Month long Lincolnshire health visitors’ strike starts today over council’s ‘divide and rule’ jobs move

Lincolnshire Health Visitors lobby council offices
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Lincolnshire health visitors started their month-long strike today (18 November) as cracks appeared in the county council’s hardline ‘divide and rule’ policy over future job roles.

Health visitors are striking against plans that could see some of them lose an estimated £150,000 over the duration of their careers.

Unite is due to meet the county council, under the auspices of the conciliation service Acas, tomorrow, (Tuesday 19 November).

The latest strike follows the first bout of strike action – 32 days since July with the loss of around 450 shifts over health visitors having lost more than £2,000 a year since they were transferred from the NHS – and centres on the council’s current insistence on different contracts for grade 9 and grade 10 health visitors.

But Unite said cracks were appearing in the council’s policy as it had offered 73 higher paid grade 10 roles to health visitors, following the strike action which started in July.

Unite regional officer Steve Syson said: “Our health visitor members are striking today for a month – however, significant cracks are appearing in the council’s two tier jobs policy due to the strike action taken since July.

“We need to keep up the pressure on the authority to achieve the proper grade 10 role for all the health visitors who have the same qualifications.

“Tomorrow Unite and the county council are due to meet under the auspices of the conciliation service Acas to see if we are able to move things forward and finally resolve this dispute for the benefit of the families in Lincolnshire and our members.

“The situation is serious as the council is haemorrhaging health visitors who are leaving for better paid positions elsewhere.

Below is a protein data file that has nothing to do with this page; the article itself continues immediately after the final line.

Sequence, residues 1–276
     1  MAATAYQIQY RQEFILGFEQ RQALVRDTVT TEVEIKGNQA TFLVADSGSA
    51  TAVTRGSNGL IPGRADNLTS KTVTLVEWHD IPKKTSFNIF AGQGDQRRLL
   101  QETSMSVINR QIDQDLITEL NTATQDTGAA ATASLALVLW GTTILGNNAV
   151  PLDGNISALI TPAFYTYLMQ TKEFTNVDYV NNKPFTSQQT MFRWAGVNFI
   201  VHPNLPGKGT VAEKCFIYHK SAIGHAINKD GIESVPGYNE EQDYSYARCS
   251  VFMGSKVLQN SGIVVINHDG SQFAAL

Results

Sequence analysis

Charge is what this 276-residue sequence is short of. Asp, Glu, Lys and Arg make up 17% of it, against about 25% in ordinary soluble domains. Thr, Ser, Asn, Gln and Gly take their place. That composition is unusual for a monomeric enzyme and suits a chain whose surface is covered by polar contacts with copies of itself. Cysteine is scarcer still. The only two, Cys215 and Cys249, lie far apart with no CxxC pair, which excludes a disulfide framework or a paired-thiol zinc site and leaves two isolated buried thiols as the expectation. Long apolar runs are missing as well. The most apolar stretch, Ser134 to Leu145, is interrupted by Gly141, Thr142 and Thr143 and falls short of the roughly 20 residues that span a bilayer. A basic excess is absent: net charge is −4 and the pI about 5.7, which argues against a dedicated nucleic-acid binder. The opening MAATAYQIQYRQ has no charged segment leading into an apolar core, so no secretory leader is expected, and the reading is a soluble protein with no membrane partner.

“Since the start of the industrial action the council has had to offer 30 grade 10 roles after the last bout of industrial action and a further 43 since the announcement of the month-long strike. 

“Unfortunately, this offer comes with unacceptable strings as Unite would have to agree to accept  the continuance of the grade 9 role with the two tier system remaining in place.

“We fundamentally disagree with the council that this lower paid role is appropriate. Therefore, in tandem with the strike action, we are appealing the grade 9  job description through the appeals procedure in the job evaluation scheme. The appeal will be submitted this week.

“The council has also offered improved transitional payments for health visitors transferring from Agenda for Change contract terms to the council contract at grade 10 – which was the reason for the original strike action – but this was only for a selected few, which again would cause more division inside an already fractured workforce.

“We have been amazed and heartened by the support for the health visitors, not just from the Lincolnshire public, but across the country.

“The strong financial support our members have received to support them through the strike shows that people recognise their fight is part of a broader campaign for a fully-resourced health visiting service across England.”

Unite lead professional officer Jane Beach said: “It is shocking that experienced health professionals, who want nothing more than to continue to provide excellent care to the children and families of Lincolnshire, continue not to be listened to.” 

Unite represents 76 of the 126 health visitors employed by the county council who voted by 67 per cent to strike.